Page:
Despite its strong record for reliability and a recommendation from Consumer Reports, the Scion xD can’t seem to get any traction with U.S. motorists. For the first seven months of the year, the xD’s sales have fallen 25.5%, making it the slowest selling non-luxury model in parent company Toyota’s entire line. The xD was introduced in 2007 to replace the xA.
The xD is but one of the youth-oriented models from Scion. The boxy xB and sportier-looking tC coupe have fared better than the xD with the younger demographic.
Some suspect the xD’s sticker price could be an issue. The base 2010 xD has an MSRP of $15,620 including destination charges. It comes with a 128- horsepower, 1.8-liter four cylinder engine, five-speed manual transmission and 16-inch wheels. Upgrade to the automatic transmission, and the price jumps to $16,420. Upgrade to a fully equipped model with alloy wheels, an upgraded Alpine audio system with 4.3-inch touch panel and HD radio technology and rear spoiler and the price rises to around $20,000.
By comparison, the 2010 Nissan Versa hatchback equipped with a 122-horsepower, four-cylinder engine and manual transmission has a base MSRP of $14,140. Toyota’s own Yaris hatchback, which rides on the same platform as the xD, has a starting price of $13,665. Granted, the Yaris comes with a much less powerful 103-horsepower engine and is slightly smaller than the xD. A more “apples to apples” competitor is the 2010 Honda Fit with its 117-horsepower engine and a base sticker price of $15,650. For 2010, it has outsold the xD 5-to-1.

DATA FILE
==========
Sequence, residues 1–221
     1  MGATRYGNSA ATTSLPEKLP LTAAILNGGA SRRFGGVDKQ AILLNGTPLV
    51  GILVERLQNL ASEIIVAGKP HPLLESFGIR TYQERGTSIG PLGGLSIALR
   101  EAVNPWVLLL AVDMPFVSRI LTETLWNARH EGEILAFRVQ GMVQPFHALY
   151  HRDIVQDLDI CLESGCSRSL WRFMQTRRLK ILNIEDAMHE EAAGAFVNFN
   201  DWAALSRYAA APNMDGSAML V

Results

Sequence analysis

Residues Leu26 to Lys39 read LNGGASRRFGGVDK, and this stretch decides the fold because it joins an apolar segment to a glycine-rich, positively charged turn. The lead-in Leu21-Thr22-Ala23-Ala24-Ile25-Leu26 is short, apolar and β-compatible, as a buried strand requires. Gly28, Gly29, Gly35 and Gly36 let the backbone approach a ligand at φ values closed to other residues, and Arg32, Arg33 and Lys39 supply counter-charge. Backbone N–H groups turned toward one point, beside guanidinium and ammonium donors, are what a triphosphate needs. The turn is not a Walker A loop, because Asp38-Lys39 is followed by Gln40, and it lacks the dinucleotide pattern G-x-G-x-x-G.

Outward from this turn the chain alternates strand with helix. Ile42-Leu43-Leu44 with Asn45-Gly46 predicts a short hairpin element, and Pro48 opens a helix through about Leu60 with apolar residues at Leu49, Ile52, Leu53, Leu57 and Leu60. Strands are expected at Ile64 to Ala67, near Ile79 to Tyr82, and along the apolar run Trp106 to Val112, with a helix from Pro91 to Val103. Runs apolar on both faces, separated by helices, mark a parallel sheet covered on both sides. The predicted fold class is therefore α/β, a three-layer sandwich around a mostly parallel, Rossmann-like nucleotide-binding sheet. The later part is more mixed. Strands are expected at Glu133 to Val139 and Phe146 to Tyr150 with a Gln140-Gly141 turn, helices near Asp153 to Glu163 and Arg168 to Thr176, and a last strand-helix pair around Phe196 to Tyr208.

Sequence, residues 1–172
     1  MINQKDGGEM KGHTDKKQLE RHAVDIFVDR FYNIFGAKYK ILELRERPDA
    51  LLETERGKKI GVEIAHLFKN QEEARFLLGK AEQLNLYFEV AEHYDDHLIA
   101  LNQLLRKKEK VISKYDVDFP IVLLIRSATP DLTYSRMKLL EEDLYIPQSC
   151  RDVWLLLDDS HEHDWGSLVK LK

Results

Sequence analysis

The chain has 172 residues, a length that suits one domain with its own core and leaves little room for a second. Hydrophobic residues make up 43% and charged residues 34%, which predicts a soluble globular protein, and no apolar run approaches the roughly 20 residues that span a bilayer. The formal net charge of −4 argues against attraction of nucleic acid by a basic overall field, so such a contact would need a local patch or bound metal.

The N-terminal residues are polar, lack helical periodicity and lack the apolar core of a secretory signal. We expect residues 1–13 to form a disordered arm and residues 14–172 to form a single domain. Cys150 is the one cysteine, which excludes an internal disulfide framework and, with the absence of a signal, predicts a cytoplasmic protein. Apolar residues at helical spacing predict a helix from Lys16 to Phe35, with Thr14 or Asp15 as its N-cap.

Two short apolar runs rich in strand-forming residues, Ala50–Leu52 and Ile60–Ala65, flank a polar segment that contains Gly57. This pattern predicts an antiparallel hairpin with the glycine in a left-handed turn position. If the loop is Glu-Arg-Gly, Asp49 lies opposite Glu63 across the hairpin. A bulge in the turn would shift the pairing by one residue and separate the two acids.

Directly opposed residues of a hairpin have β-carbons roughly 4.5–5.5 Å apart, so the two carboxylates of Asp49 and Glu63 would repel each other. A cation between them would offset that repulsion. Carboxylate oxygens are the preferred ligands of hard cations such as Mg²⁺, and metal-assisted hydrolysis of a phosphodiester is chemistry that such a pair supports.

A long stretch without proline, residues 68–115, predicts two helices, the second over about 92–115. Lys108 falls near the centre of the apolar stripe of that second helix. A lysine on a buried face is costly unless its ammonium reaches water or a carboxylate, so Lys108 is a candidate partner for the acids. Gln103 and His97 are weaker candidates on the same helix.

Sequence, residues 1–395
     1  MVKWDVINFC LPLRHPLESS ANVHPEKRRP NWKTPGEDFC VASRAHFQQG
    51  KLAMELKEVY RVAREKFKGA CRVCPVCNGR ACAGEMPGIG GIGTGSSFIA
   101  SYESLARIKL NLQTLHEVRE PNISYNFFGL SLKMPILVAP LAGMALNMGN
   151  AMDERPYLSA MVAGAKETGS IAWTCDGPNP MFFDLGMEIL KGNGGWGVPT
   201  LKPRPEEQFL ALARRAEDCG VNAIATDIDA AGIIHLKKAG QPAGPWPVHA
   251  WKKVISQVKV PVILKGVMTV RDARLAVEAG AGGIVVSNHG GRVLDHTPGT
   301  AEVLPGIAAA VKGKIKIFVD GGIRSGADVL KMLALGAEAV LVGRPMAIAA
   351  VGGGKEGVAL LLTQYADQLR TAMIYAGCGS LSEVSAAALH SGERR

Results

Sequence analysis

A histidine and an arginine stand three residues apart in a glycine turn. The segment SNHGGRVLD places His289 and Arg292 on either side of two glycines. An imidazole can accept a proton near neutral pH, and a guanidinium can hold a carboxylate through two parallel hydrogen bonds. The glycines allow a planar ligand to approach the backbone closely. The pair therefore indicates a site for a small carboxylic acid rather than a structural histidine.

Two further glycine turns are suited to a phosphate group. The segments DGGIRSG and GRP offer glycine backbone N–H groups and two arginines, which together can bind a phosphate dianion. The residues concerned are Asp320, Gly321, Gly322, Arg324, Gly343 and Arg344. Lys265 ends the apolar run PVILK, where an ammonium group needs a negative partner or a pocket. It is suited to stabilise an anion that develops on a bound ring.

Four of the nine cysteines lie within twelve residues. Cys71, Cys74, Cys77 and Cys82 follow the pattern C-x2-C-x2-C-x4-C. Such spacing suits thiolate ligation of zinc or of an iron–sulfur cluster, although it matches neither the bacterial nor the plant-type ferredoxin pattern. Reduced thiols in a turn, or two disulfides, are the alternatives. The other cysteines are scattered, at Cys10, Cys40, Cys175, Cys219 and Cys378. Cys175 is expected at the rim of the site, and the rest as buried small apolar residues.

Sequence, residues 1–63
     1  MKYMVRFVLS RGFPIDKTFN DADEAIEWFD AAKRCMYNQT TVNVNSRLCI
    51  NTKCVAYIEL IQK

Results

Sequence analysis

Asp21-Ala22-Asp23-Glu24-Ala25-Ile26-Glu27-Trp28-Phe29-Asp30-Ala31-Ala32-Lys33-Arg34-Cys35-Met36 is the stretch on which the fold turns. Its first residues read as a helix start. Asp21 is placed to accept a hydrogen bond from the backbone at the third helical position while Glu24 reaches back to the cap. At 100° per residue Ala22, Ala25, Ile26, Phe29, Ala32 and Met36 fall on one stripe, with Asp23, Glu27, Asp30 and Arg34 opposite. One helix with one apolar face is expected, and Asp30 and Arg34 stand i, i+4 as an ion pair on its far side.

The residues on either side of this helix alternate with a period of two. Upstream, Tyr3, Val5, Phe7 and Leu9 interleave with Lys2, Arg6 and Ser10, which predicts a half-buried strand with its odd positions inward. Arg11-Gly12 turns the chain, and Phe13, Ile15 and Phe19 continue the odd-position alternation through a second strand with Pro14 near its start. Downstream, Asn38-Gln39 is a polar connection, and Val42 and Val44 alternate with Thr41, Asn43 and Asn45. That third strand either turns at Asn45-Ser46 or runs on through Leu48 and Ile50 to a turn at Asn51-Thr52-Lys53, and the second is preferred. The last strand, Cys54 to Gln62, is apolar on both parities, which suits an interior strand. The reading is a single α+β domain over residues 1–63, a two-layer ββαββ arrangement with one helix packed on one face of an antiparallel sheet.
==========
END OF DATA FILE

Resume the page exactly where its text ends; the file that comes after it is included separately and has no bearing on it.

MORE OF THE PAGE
Although the xD has the lowest MSRP of all Scion’s models, the price differences between it and the larger xB, for example, is less than $1,000. Most consumers appear to feel the extra money is worth the extra room.
The xD is a sound vehicle with some nice features including split, sliding back seats that also recline. With the rear seats folded, the xD offers a full 15.7 cubic feet of cargo space. Considering the price, the xD’s fabric upholstery is attractive and well made.
The xD has a fuel efficiency rating of 27 mpg city / 33 mpg highway. The xD’s shorter length gives it a bit bouncier ride than its slightly longer rivals, and some have complained about excessive road noise when driving on certain surfaces.
For 2010, Scion equipped the xD with standard electronic stability control, antilock brakes with Brake Assist, front-seat anti-whiplash head restraints and curtain air bags. The safety features helped the xD receive four out of five stars in front-end crash tests and five out of five stars for passenger safety in tests by the federal government.
With all that going for it, the fact that the xD hasn’t taken hold with consumers is a little bewildering – until you consider the impact emotion plays in the decision-making process of buying a car. With wide pillars around the front and rear windows and an overall body style that resembles a short wagon, the xD lacks the personality of its siblings and rivals in the segment. On the other hand, for a nimble, reliable, economical urban vehicle, the xD is exactly what its designers and engineers envisioned. It remains to be seen if Scion will hold the line with the xD or if it will go the way of its predecessor.
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